I'm also the advancement chair in my pack and while we haven't had any similar problems, it's the responsibility of the DL to report accurate progress to me. I purchase the awards once a month just before the pack meeting and generate a chart showing advancement progress for each den and give it to the CM because it's the CM's responsibility to ensure that the dens are putting on quality programs and advancement progress is really the only quantitative way of measuring that at the cub level.

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Greg was one of ten Webelos Scouts in the Den and lagged behind on most projects both years. Sometimes, I would help him and sometimes the Assistant would help and sometimes other Scouts or parents would help. It was the same with some of the games and other things that don't seem so important now. Greg completed every requirement because we all agreed to do it together. Greg passed everything but he could not remember the ideals of Scouting because it involved memory work and Greg's ability to remember was his weakest area.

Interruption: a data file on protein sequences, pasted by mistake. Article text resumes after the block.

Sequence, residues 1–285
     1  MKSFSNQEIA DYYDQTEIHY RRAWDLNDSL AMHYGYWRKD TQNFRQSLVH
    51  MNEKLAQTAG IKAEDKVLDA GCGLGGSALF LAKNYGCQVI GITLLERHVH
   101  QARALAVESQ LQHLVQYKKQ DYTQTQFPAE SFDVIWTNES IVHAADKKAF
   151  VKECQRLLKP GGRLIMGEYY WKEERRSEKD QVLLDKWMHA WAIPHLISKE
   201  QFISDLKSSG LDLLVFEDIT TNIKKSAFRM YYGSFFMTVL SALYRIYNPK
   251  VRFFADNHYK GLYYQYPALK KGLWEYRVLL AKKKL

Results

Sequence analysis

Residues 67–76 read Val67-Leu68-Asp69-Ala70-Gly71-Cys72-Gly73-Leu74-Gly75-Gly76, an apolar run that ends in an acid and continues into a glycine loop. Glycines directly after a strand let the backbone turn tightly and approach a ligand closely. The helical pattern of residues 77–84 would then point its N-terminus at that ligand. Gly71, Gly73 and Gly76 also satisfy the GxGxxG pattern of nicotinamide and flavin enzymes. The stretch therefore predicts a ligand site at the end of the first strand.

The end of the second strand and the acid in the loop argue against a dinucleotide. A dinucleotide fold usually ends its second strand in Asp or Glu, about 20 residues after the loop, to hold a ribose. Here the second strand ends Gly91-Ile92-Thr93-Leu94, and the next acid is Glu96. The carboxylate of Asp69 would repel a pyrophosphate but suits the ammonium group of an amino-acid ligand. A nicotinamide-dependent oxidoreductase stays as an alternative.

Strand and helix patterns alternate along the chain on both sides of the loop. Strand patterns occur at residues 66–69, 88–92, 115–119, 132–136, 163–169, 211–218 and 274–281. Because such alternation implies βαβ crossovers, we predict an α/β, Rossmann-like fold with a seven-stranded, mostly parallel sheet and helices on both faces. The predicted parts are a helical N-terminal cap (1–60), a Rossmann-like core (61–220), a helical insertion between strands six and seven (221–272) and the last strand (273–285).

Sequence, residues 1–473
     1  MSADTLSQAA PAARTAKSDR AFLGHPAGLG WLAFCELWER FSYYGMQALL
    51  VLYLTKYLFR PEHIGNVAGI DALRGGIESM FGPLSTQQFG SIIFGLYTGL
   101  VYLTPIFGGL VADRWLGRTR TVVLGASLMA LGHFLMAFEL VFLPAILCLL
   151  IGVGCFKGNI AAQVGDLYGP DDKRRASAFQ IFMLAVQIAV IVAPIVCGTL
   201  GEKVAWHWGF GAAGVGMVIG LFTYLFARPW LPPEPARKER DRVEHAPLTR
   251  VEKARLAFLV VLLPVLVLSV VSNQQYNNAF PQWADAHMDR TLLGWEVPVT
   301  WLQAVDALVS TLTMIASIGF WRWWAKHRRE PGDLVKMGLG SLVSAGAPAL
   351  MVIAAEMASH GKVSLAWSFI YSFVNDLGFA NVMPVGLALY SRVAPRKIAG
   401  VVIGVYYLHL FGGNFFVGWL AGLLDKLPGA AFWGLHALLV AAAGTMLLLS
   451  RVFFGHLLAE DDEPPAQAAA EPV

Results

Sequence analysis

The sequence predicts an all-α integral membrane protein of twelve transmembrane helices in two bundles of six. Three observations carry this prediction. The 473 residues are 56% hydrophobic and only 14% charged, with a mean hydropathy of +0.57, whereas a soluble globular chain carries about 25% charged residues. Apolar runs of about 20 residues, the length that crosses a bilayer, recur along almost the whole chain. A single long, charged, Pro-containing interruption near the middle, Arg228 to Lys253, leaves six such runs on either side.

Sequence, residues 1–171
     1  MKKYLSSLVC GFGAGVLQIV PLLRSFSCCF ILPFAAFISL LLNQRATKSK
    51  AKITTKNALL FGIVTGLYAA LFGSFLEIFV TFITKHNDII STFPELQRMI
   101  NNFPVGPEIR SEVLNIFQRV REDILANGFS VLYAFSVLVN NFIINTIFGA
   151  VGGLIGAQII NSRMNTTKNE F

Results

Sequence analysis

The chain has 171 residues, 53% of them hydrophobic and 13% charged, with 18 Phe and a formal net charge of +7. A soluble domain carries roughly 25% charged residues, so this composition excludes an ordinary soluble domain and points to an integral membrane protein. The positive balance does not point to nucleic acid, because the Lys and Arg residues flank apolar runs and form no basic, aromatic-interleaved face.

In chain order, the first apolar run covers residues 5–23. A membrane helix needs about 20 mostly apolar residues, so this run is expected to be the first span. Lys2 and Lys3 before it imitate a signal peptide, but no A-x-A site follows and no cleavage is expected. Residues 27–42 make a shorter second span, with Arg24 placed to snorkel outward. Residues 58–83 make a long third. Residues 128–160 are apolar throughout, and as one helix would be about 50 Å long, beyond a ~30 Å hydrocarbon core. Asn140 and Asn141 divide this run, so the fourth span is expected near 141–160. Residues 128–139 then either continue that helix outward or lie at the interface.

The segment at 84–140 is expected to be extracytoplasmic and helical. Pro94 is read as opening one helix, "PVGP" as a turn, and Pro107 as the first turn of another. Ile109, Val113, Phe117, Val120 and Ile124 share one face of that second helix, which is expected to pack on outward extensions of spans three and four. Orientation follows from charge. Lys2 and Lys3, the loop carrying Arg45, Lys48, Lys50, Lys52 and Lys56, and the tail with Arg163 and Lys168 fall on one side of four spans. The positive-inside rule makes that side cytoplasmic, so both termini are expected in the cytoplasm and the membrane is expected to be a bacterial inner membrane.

It was time for a home visit. I spoke with his Mom, so she and Greg's older brother agreed to help. It took him most of the last two months before we had our ceremony for the AOL. Greg completed it and went on to be a Boy Scout. He was probably the happiest young person that I have ever had in any unit at any time. He taught me that even a person with a severe disability could not only do his best but could complete all of the requirements. In route, Greg brought nine other Scouts and two leaders closer together in ways that we did not expect. His gift was one of happiness that I still think about even today.

 

Yes, all of the Scouts in your den should do their best and complete every project. I am sure that Greg would say the same thing.

 

Cub Scout advancement always emphasizes doing, not getting. The experience the boy has as he works on the requirements is more important than the badge itself. Boys are awarded badges to recognize their accomplishments and families should not overemphasize the awards. Signing Boys Handbooks. Cub Scout Leader Book

 

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Kramr1,

Sounds similar to my current issue with my son's pack. You've run into what is known a "Good Ol' Boy System." In my opinion, this system is a killer in any organization. It is basically made up of people who think way too highly of themselves, stubbornness, and politics. You are what is referred to as the "FNG" or "Flippin New Guy." You don't really matter in this system because you are new and obviously don't know anything about anything. (I hope you picked up on the Sarcasm.)